Using Patient Data for Healthcare Strategic Planning

October 29, 2020
Using Patient Data for Healthcare Strategic Planning

Nowadays healthcare organizations are flooded with patient data. It seems that this abundance of information must engage medical institutions in the big data analytics environment. But in reality, a huge number of institutions are not able to leverage data for their good. According to a Catalyst article, 30% of  global data being stored belongs to the healthcare industry. These valuable insights not only help to treat patients better, more effectively, and in a deeply personalized manner, but also help decision-making in terms of business data-driven, and thus, being informed.

The Deloitte survey conducted in 2018 reveals the dynamic of data analytics in healthcare. During the period of 2015-2018, this metric has significantly grown.

Image by Proxet - 2015 and 2018 Deloitte Health System Analytics Survey
2015 and 2018 Deloitte Health System Analytics Survey

The dominant ratio — 84% of healthcare executives deem analytics extremely important for strategic planning in the next several years. The overall engagement of C-suite in the analytics area has also increased almost threefold. As per the very same study, the global healthcare analytics market is expected to grow to $50 billion by 2024.

Medical systems worldwide have stepped into value-based care, where the patient experience is at the core. Data-driven strategies in healthcare organizations are more productive and profitable than competitors. 

“Value-based care is the right step towards quality-focused care. Value is measured by either improvement in (1) quality of life or (2) length of life for the patient. The individual patient’s perception of these two measures is a major factor in the determinant of value, allowing the patient to be a vital member of the care team. Therefore, the success of value-based care depends on doctor-patient communication”

Dr. Simon Lorenz, Co-Founder of Klara

Strategic Planning in Healthcare

Let’s discuss the benefits of strategic planning using strategic planning examples in healthcare.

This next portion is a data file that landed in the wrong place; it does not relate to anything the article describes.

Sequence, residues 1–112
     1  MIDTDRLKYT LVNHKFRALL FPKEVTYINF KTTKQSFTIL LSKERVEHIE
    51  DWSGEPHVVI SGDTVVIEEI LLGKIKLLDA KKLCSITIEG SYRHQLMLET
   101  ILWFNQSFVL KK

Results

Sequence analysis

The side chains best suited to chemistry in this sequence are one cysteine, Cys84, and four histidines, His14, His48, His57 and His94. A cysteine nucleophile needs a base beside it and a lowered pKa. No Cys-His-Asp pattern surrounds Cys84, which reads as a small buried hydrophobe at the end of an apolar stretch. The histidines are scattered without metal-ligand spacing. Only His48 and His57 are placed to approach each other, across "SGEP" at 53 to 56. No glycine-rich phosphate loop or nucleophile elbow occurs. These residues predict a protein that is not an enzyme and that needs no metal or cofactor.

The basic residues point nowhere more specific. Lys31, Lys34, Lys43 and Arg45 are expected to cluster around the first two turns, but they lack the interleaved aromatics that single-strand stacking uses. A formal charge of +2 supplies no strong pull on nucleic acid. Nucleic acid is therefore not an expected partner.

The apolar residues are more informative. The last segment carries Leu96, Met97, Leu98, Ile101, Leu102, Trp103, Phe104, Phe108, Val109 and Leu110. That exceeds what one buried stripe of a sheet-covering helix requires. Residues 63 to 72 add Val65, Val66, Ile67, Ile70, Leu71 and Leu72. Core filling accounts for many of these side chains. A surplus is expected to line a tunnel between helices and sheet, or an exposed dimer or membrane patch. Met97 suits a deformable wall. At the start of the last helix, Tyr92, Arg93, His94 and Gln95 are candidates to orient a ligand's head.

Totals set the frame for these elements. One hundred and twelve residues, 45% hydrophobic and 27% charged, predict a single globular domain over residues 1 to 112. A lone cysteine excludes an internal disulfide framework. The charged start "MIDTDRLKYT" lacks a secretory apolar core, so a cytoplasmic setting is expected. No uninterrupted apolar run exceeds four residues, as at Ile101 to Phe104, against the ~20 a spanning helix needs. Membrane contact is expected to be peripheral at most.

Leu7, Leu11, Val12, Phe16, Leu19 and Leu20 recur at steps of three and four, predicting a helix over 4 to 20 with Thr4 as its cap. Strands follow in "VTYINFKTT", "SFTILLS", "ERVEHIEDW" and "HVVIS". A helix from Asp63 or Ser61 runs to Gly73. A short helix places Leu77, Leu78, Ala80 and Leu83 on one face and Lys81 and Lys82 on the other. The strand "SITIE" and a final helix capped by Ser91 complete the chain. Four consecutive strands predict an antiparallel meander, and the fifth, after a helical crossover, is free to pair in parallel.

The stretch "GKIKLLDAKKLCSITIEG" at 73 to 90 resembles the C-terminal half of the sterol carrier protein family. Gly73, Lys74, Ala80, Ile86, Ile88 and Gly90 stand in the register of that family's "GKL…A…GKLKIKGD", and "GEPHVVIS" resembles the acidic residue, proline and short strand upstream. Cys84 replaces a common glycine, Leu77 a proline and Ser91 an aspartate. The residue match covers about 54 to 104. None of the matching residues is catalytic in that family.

First and foremost, healthcare organizations use data analytics for the purpose of cost reduction. IT managers, health information management, C-suit execs get together and examine financial reports. Those are the evidence if the resources are used inefficiently or there are other cost drivers. Report analysis must imply a multidisciplinary approach, therefore, a special task force is oftentimes used to connect the numbers with clinical reasoning. Based on that, an institution develops a strategic plan.

A hospital is a multidimensional organization where people on different levels must be on the same page 24/7. Strategic planning ensures transparent communication across the company, improves collaboration, helps employees share a common vision, and stay motivated. Everyone is aware of the hospital’s strategic goals as well as their own contribution to them.

Analytics in healthcare strategic planning influences outcomes and quality. Management can see the gaps in care. This is done through monitoring of the reports, and sometimes quality metrics fail to be reported. And of course, it’s about risk management: the scores give managers a clear picture of how an institution works from operational, clinical, and financial perspectives.

“For the first time really we’re discovering physicians are expressing much more openness and willingness to consider information about their patients coming from DIY devices”

— Ceci Connolly, Leader of PwC’s Health Research Institute

The numerous departments, resources, and multiple staff require consistent coordination. In this case, the glue that unites all the stakeholders involved in providing care is the information, more specifically, how seamlessly it circulates and is shared between all. Therefore, data analytics is used to accumulate, manage, and store data.